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Battle of the Beauties: Amazon vs. Sephora

20 May 2020 Rina Yashayeva

in Amazon

The goal of Amazon Beauty is simple: offer consumers the same selection as provided by other beauty competitors. Having spent several years internally at Amazon Beauty, managing and launching hundreds of beauty brands, I know that Amazon aims to gain parity with the other leaders in the beauty space, including beauty specialist retailers (Sephora, Ulta), Department Stores (Nordstrom, Bloomingdales, Macy’s, etc.), Mass Retailers (Target, Walmart), and Drugstores (CVS, Walgreens, etc.). Amazon will admit that they are not a leader, but a follower in the space; Amazon looks to the established players when determining which brands to seek out and prioritize launching. To compete with beauty industry leaders, Amazon launched Luxury Beauty almost seven years ago—rebranded as Premium Beauty a few months ago. A gated community for high-end beauty brands, Amazon’s Premium Beauty has sparked contempt from one industry leader in particular: Sephora has been unsympathetic toward its brands that are also exploring joining Amazon Premium Beauty. In my role at Stella Rising, I help brands navigate both Amazon and the beauty world; in this piece, I will offer ways to make the most of both.  


There are various ways for beauty brands to sell their products on Amazon: Mass Beauty, Indie Beauty, Premium Beauty, and Professional Beauty. Sephora specifically dislikes Premium Beauty. Recognizing Amazon as a threat, Sephora has attempted to stop its brands from entering Amazon Premium Beauty, threatening to discontinue their relationship or pull products off the shelf. It is common and justified for luxury beauty brands to fear Sephora’s consequences resulting from a partnership with Amazon.

A brand’s reaction to Sephora’s concerns is largely impacted by the role that Sephora plays in the size of its overall business. Brands for which Sephora represents 75% of their business, for example, are highly likely to respect that relationship above all others. That said, there are many Sephora brands that have made their way into Premium Beauty directly: L’Occitane, Foreo, Sunday Riley, Stila, Mario Badescu, Jack Black, CLEAN Fragrance, Buxom, Amore Pacific, Beauty Bio, Yuni, St. Tropez, Morrocanoil, Perricone MD, Cover FX, and many more.

How were those brands able to launch on Amazon and maintain a Sephora presence? There are several ways to sidestep the Sephora/Amazon conflict. The most obvious is being grandfathered into Amazon Premium Beauty years ago, before Amazon began taking such a large size of the prize (Stila and L’Occitane were early to Amazon, for example). However, without a time machine, the options include:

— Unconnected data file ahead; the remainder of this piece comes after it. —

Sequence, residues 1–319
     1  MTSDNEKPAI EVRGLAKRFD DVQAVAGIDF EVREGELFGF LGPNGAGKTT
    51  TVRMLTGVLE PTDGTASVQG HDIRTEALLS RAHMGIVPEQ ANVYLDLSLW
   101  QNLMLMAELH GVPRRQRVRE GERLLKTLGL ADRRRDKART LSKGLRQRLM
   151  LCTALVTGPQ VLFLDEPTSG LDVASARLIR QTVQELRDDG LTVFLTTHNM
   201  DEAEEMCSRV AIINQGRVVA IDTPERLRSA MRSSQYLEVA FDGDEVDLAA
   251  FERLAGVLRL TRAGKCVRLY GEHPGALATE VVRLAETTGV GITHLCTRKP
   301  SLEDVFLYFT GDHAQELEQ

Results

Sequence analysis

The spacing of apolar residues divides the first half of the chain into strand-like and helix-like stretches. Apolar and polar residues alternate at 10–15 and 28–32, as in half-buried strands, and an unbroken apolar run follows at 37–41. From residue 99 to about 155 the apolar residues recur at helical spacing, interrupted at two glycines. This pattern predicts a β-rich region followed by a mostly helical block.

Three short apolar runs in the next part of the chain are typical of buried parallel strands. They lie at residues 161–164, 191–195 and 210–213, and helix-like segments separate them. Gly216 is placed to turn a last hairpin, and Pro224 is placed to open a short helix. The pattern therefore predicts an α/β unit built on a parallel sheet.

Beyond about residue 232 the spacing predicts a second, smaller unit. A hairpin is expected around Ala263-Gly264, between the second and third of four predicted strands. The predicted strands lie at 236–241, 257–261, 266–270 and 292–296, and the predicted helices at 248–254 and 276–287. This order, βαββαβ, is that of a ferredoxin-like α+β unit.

• Offer Amazon a different assortment than that carried at Sephora or on Sephora.com. Amazon will not be thrilled with this, as their goal is parity not only in brands, but also in product; but this solution will appease Sephora, avoiding direct competition. This has worked well for many brands who offer different products—and even different collectionsentirely.
  • A newer solution is to launch in 3P Premium vs. 1P Premium. Since inception, Premium Beauty has been exclusively for Vendors (brands who have a direct relationship with Amazon). However, that changed a few months ago when Amazon opened Premium Beauty up to Sellers, too. Amazon does not buy directly from Sellers—consumers do—therefore it is not considered a direct relationship. That approach is new, still very exclusive, and invite-only. The following Sephora brands have been invited to join: Murad, Dermalogica, Virtue Labs, Too Cool for School, and Living Proof.
  • For the brands who still want to sell on Amazon, but do not want to ruffle any feathers, there is the option to launch as a 3P Seller in Mass Beauty, avoiding Premium Beauty entirely. Sephora does not seem to mind this option, as Mass Beauty brands do not have the “Premium Beauty badge” and are not considered the same caliber as Sephora. Cons include: not receiving gating—meaning an open marketplace with unauthorized sellersand no access to the elevated shopping experience and brand presence that Premium Beauty offers. However, there will be no pushback from Sephora, a huge positive. Brands who have taken this approach include Winky Lux, Kopari, First Aid Beauty, Beauty Blender, and Briogeo; all have set up their own FBA accounts.
  • A less common, more passive approach is to choose an authorized seller to represent the product, rather than having the brand set up the account. Drunk Elephant, Ouia, and Devacurl have taken this approach, allowing reputable sellers and 3PL businesses to run their accounts. Via this hands-off approach, the brand has an Amazon presence, but avoids the logistics and a possible scandal.


Other brands, such as Wander Beauty or the entire Estée Lauder portfolio, refuse to join Amazon Beauty at all. Ultimately, every brand comes with its own unique opportunities, and, therefore, unique set of challenges. Many of the brands reviewed here understand the incremental opportunity of joining Amazon, are bold enough to make the move, and are certainly seeing results. If you are a Sephora partner brand considering Amazon Premium Beauty, reach out to us to see what the options are for you.